Gathering intelligence and piecing it all together is at the heart of the BHA’s intelligence function.
Each month, the BHA Integrity team handles hundreds of pieces of intelligence. Trivial in isolation, any one piece of intelligence could be a crucial stepping stone in the overall process of developing a bigger picture.
Every piece of information received by the Integrity team is logged, assessed, graded and linked where necessary to other pieces of intelligence. Not everyone with valuable information is bound by the rules to assist the Integrity team, but all are invited to submit in strict confidence anything they think will help keep the sport on the right side of the line.
The safest and most secure way to submit information is through RaceWISE where a person can use the anonymous online reporting form or call 08000 852 580 to report any offences and help the BHA keep racing clean.
RaceWISE anonymous reporting service covers four critical areas:
- the Welfare of racehorses
- protecting the Integrity of the sport
- addressing Safeguarding and welfare concerns
- maintaining Equality for everyone
The gathering of intelligence is an on-going, never-ending process. The Integrity team runs a full intelligence database, along the lines of those used by law-enforcement agencies, while the betting and racing analysts spend their days profiling horses and connections about whom there are, or might be, integrity concerns.
All members of the team regularly monitor social media and networking sites for further information. When intelligence is received that corroborates or enforces the views of the analysts monitoring the racing, it becomes a priority for further development. Often, it is the intelligence that drives the process.
Throughout the day, from early in the morning when most betting firms go up with their prices, the BHA betting analysts monitor the markets for any signs of unusual activity. This takes place across all the modern betting platforms, and analysts can also call upon bespoke monitoring software to drill down and understand the emerging picture.
Notwithstanding the fact that betting organisations have a duty under their licence conditions to report suspicious betting to the BHA and the Gambling Commission, the BHA will consider sharing information with the Gambling Commission ahead of any suspected coup, or in the case of particularly unusual betting patterns. This will often take the form of simply alerting them to the facts as the BHA understands them in order that they can act as they see appropriate. The BHA is often pressed to make statements in such circumstances, but confidentiality normally needs to be exercised – especially when there is a good chance that a full investigation might follow.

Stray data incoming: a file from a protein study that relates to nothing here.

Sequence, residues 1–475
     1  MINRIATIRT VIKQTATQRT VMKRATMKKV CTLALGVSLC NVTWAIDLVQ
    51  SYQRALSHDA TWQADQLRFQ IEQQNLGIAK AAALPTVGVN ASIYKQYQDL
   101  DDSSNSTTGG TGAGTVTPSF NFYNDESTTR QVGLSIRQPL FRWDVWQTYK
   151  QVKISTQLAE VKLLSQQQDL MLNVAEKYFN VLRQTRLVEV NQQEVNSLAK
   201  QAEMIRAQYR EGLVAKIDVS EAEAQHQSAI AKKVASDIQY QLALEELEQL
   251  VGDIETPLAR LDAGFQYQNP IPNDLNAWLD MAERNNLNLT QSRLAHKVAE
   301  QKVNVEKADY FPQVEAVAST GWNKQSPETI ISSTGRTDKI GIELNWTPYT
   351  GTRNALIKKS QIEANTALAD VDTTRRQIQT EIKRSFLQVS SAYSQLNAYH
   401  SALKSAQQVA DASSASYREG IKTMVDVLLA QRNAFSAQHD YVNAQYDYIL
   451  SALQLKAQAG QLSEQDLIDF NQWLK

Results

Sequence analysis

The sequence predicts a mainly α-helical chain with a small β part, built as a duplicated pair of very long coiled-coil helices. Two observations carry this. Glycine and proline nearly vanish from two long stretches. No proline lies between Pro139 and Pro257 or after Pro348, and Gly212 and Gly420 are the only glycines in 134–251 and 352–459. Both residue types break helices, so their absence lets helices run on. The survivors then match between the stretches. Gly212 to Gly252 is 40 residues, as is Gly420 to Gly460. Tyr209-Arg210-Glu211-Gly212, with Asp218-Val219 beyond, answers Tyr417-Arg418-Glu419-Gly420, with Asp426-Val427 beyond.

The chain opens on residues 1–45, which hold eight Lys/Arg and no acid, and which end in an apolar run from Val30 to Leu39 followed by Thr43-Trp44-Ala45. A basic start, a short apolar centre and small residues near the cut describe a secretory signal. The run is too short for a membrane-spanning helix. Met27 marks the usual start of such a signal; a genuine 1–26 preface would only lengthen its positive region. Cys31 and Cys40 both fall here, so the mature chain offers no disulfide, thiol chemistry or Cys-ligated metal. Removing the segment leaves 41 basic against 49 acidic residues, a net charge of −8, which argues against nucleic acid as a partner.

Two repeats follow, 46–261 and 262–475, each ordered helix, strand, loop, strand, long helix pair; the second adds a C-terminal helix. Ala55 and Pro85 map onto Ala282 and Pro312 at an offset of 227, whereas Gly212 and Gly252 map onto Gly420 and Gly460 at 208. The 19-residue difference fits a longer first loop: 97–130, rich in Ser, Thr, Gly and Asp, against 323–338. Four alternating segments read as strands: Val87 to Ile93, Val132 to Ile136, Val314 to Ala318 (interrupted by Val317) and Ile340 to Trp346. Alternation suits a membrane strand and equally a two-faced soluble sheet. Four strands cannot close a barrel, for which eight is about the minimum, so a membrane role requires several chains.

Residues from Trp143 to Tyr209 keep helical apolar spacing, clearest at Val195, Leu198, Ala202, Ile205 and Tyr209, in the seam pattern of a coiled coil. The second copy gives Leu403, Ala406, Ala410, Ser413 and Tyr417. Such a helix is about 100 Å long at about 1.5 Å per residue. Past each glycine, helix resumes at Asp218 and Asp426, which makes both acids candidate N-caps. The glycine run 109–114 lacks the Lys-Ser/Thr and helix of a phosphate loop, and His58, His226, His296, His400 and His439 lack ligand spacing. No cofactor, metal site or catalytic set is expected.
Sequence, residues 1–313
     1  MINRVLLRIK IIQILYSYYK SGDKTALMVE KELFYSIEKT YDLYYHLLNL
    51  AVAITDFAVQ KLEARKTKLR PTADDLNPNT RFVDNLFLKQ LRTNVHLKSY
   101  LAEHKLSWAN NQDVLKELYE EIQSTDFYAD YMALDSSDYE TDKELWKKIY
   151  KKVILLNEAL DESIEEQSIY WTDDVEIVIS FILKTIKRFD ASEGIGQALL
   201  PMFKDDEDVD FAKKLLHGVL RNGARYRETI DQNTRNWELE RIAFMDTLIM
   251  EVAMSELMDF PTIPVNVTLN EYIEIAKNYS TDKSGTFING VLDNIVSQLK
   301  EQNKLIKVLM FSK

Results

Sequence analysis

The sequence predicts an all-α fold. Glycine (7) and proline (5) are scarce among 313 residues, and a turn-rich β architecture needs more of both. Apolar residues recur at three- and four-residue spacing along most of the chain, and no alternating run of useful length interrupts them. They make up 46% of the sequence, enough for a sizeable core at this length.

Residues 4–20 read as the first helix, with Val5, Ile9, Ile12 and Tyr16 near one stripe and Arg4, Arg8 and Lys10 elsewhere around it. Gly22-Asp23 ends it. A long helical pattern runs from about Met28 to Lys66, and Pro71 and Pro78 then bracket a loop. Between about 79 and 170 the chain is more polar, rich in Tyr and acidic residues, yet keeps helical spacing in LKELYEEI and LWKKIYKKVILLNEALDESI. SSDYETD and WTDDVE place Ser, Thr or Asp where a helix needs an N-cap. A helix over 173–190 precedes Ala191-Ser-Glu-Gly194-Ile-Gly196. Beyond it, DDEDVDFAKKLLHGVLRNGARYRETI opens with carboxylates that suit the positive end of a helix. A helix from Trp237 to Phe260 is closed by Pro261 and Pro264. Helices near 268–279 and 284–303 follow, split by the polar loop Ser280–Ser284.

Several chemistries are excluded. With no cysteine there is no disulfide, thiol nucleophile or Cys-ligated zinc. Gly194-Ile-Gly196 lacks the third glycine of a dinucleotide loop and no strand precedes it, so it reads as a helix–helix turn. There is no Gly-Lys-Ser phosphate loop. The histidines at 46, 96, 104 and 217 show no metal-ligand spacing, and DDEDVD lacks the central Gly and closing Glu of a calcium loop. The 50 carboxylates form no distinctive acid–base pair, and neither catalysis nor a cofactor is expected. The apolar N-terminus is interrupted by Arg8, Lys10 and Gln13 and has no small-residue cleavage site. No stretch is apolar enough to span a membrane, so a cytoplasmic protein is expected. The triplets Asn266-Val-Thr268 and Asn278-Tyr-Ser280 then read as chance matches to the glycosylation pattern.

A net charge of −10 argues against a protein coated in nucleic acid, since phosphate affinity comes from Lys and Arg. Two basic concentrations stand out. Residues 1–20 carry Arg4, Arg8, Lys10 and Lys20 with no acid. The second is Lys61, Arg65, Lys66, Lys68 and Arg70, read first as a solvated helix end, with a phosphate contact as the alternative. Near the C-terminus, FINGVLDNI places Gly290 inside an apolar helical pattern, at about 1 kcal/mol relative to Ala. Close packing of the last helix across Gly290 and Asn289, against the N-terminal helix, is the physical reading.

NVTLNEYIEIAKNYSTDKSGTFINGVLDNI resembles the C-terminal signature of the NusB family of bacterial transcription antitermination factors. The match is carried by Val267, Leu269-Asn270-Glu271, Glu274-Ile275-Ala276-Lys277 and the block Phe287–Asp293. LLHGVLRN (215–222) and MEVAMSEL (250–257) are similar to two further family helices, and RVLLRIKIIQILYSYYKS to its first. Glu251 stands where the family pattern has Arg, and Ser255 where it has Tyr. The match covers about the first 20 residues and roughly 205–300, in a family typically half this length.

As well as the betting markets, the BHA’s analysts also study the races themselves, using speed maps and a database provided by an industry-leading software company to establish the likely shape of races, both from a performance perspective and a betting angle.
Working with raceday teams
Before racing, the BHA’s Integrity team will update the professional Stipendiary Stewards at each racetrack with betting information, and highlight to them any potentially unusual activity or horses to be wary of or vigilant about, based on the emerging intelligence and profiling work. Post-race, the Integrity team can advise the Stewards on any issues about runners and/or rides that concern them, and on occasion can request action before a race, when betting patterns are especially unusual. On rare occasions, a pre-race Stewards’ enquiry is held, which can disrupt a potentially corrupt event by letting those involved know the BHA is aware of what is going on.
As well as the Stewards, the Integrity team also works closely with other raceday officials, including Equine Welfare and Integrity Officers who are regularly briefed by the integrity unit to consider issues around horses’ arrival on the racecourse. This can be a valuable source of information relating to time of arrival, how the horse arrives and its general condition and wellbeing.
The Integrity team also works with the BHA’s Veterinary team, most obviously in the area of pre- and post-race testing, and testing-in-training, but also in cases where information received suggests there might be welfare or veterinary issues around a particular horse or yard. If the Integrity team suspects a trainer might be issuing spurious self-certifications for non-runners, it has the power to send a vet to the yard to ensure all is above board.
The team also liaises closely with the BHA Handicappers. Each is assigned his or her own group of horses to monitor, assess and rate for handicapping purposes, and as such knows the horses in their own group inside-out. If a Handicapper sees a ride they don’t like or suspect may need further investigation, they can contact the Integrity team about it.